Engstrom and the client worked together for five months. As they followed the treatment plan, the man’s physician slowly eased him off of the OxyContin.

Engstrom began by teaching the client relaxation exercises such as progressive muscle relaxation. “When in pain, the natural inclination of the body is to contract muscles,” Engstrom explains. “In the long term, this reduces blood flow to the painful area and slows the healing process. Contracted muscles can be a direct source of pain.”

Engstrom also began using biofeedback to promote further relaxation. In biofeedback sessions, sensors are attached to the body and connected to a monitoring device that measures bodily functions such as breathing, perspiration, skin temperature, blood pressure, muscle tension and heartbeat.

“When you relax, clear your mind and breathe deeply, your breathing slows and your heart rate dips correspondingly,” Engstrom explains. “As the signals change on the monitors, you begin to learn how to consciously control body functions that are normally unconscious. For many clients, this sense of control can be a powerful, liberating experience.”

As Engstrom’s client learned to control his responses, he began reporting a decrease in pain following the relaxation exercises.

Engstrom also used cognitive behavior therapy (CBT) methods, including asking the man to keep a daily journal recording his pain level at different times of the day, along with his activity and mood. Through the journal, the man started recognizing that his pain level wasn’t constant. Instead, it varied and was influenced by what he was doing and thinking at the time.

Engstrom highly recommends CBT for pain treatment because it helps provide pain relief in several ways. “First, it changes the way people view their pain,” he says. “CBT can change the thoughts, emotions and behaviors related to pain, improve coping strategies and put the discomfort in a better context. You recognize that the pain interferes less with your quality of life and, therefore, you can function better.”

In this case, the client was trapped by thoughts that “the pain will never go away” and “I’ll end up a cripple,” Engstrom says. He and the client worked on CBT exercises for several months, keeping track of and questioning the validity of such negative future thoughts. They also practiced substituting more helpful thoughts, including “I will take each day as it comes” and “I will focus on doing the best I can today.”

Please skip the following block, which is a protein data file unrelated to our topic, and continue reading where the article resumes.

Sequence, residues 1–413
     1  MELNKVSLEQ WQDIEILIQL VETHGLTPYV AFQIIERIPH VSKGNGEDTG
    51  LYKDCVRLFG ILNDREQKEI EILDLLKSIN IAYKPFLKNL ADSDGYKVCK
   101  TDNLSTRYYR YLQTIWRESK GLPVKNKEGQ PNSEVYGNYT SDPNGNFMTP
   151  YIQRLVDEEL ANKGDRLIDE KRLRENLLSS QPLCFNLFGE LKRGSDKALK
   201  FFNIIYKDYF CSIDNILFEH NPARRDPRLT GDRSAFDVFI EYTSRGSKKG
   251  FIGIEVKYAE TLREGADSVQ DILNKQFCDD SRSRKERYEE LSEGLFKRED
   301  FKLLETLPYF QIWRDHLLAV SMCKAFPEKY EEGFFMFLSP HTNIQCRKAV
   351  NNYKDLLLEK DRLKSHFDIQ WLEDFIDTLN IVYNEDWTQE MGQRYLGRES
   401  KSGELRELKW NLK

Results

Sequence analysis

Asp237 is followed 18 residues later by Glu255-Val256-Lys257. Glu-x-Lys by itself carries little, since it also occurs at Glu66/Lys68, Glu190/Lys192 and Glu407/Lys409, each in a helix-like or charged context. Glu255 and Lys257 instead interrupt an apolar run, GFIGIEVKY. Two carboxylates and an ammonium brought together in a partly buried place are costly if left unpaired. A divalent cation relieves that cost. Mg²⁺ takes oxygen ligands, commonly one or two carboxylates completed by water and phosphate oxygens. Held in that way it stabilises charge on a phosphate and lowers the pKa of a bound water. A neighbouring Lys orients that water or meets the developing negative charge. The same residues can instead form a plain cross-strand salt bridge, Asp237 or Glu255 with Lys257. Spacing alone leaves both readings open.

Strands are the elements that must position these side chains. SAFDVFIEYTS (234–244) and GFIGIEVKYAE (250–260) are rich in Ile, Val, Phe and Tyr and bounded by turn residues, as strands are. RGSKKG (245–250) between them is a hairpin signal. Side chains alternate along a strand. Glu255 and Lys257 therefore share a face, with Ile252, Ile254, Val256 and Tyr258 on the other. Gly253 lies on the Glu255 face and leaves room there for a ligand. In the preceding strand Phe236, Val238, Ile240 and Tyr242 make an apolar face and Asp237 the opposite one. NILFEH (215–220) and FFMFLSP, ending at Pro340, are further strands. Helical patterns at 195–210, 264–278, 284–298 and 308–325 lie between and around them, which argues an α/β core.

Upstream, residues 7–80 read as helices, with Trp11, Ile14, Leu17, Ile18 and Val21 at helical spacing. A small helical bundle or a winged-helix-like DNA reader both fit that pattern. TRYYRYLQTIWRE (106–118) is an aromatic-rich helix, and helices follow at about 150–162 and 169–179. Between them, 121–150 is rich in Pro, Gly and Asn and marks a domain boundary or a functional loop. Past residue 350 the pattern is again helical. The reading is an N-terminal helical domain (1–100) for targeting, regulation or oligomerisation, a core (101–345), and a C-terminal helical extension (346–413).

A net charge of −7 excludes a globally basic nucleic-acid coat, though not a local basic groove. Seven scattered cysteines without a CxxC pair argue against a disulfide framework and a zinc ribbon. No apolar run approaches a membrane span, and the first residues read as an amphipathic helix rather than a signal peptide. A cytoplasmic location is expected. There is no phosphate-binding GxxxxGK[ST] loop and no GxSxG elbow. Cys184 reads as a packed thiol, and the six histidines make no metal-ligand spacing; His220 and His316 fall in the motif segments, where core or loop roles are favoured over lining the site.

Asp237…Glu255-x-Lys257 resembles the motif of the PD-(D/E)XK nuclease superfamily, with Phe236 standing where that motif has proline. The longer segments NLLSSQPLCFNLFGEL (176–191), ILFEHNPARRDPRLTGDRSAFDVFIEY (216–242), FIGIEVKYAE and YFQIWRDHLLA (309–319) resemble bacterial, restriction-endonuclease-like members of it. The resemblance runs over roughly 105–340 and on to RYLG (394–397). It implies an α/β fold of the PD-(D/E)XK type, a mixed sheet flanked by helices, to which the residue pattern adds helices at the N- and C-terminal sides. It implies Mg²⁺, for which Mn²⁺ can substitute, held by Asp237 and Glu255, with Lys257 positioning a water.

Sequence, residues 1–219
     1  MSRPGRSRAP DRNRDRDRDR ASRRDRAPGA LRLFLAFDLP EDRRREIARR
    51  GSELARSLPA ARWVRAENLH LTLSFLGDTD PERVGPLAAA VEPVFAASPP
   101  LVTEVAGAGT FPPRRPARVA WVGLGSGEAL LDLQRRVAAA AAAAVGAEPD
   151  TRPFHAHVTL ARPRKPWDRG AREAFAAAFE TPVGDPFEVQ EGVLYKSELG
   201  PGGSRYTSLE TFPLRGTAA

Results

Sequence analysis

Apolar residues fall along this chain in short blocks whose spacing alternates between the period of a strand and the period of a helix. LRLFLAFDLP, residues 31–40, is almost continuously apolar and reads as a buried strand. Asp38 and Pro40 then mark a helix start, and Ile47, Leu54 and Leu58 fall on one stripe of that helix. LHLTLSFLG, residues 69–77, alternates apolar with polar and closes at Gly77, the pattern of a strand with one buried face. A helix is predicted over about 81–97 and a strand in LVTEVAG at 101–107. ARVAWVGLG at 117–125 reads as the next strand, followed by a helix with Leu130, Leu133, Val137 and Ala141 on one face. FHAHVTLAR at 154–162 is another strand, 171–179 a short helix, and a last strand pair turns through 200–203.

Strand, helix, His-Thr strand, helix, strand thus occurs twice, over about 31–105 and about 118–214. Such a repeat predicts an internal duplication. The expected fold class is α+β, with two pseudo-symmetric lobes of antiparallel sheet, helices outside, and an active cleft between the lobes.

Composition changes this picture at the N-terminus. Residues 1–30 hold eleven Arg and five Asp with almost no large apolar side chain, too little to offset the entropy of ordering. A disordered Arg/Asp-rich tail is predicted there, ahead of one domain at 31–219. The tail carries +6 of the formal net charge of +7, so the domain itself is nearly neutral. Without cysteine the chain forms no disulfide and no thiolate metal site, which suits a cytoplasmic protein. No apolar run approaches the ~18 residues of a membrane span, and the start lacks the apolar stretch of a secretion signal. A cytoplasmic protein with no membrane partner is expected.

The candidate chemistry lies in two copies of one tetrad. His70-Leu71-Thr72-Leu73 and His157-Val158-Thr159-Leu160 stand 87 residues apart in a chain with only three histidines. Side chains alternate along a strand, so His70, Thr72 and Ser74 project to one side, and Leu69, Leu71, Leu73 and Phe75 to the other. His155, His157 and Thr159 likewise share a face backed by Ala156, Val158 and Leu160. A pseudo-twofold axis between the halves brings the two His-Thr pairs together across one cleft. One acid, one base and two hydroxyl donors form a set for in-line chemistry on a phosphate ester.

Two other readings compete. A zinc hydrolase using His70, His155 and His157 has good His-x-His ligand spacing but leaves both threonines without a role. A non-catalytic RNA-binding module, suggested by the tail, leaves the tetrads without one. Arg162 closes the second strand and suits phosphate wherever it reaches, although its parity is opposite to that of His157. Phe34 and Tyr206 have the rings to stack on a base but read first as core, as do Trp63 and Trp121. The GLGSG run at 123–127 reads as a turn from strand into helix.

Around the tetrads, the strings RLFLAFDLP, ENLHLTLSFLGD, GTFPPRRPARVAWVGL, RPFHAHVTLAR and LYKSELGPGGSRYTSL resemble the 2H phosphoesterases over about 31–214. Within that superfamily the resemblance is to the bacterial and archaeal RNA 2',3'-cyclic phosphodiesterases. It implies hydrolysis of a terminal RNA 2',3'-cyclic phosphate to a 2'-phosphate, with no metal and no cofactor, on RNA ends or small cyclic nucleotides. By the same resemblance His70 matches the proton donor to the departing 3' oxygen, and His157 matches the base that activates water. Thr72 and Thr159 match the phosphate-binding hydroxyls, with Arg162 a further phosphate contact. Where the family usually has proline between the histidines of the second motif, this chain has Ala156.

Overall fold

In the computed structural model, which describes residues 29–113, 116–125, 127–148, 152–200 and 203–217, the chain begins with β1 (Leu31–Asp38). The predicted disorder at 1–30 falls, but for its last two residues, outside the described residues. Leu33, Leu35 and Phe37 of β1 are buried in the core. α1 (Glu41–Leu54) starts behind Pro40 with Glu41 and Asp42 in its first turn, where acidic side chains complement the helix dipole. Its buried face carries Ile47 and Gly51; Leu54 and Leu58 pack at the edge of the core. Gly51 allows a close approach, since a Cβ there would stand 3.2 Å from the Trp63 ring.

Chronic pain often engenders a sense of helplessness among those who experience it, Engstrom says, so CBT also helps by producing a problem-solving mindset. When clients take action, they typically feel more in control of their pain, he says.

CBT also fosters new coping skills, giving clients tools that they can use in other parts of their lives. “The tactics a client learns for pain control can help with other problems they may encounter in the future, such as depression, anxiety or stress,” Engstrom says.

Because clients can engage in CBT exercises on their own, it also fosters a sense of autonomy. Engstrom often gives clients worksheets or book chapters to review at home, allowing them to practice controlling their pain independently.

Engstrom notes that CBT can also change the physical response in the brain that makes pain worse. “Pain causes stress, and stress affects pain-control chemicals in the brain, such as norepinephrine and serotonin,” he explains. “By reducing arousal that impacts these chemicals, the body’s natural pain-relief responses may become more powerful.”

Although Engstrom acknowledges that he could not completely banish the discomfort his client felt, he was able to lessen both the sensation and perception of the man’s pain and give him tools to better manage it.

Taking away pain’s power

Mindfulness is another powerful tool for lessening the perception of pain, says licensed professional counselor (LPC) Russ Curtis, co-leader of ACA’s Interest Network for Integrated Care.

Mindfulness teaches the art of awareness without judgment, meaning that we are aware of our thoughts and feelings but can choose the ones we focus on, Curtis continues. He gives an example of how a client might learn to regard pain: “This is pain. Pain is a sensation. And sensations tend to ebb and flow and may eventually subside, even if just for a little while. I’ll breathe and get back to doing what is meaningful to me.”

Engstrom agrees. Unlike traditional painkillers, mindfulness is not intended to dull or eliminate the pain. Instead, when managing pain through the use of mindfulness-based practices, the goal is to change clients’ perception of the pain so that they suffer less, he explains.

“Suffering is not always related to pain,” Engstrom continues. “A big unsolved puzzle is how some clients can tolerate a great deal of pain without suffering, while others suffer with relatively smaller degrees of pain.”

According to Engstrom, the way that people experience pain is related not just to its intensity but also to other variables. Some of these variable include:

  • Emotional state: “I am angry that I am feeling this way.”
  • Beliefs about pain: “This pain means there’s something seriously wrong with me.”
  • Expectations: “These painkillers aren’t going to work.”
  • Environment: “I don’t have anyone to talk to about how I feel.”

By helping people separate the physical sensation of pain from its other less tangible factors, mindfulness can reduce the suffering associated with pain, even if it is not possible to lessen its severity, Engstrom says.

According to Engstrom, mindfulness may also improve the psychological experience of pain by:

  • Decreasing repetitive thinking and reactivity
  • Increasing a sense of acceptance of unpleasant sensations
  • Improving emotional flexibility
  • Reducing rumination and avoidant behaviors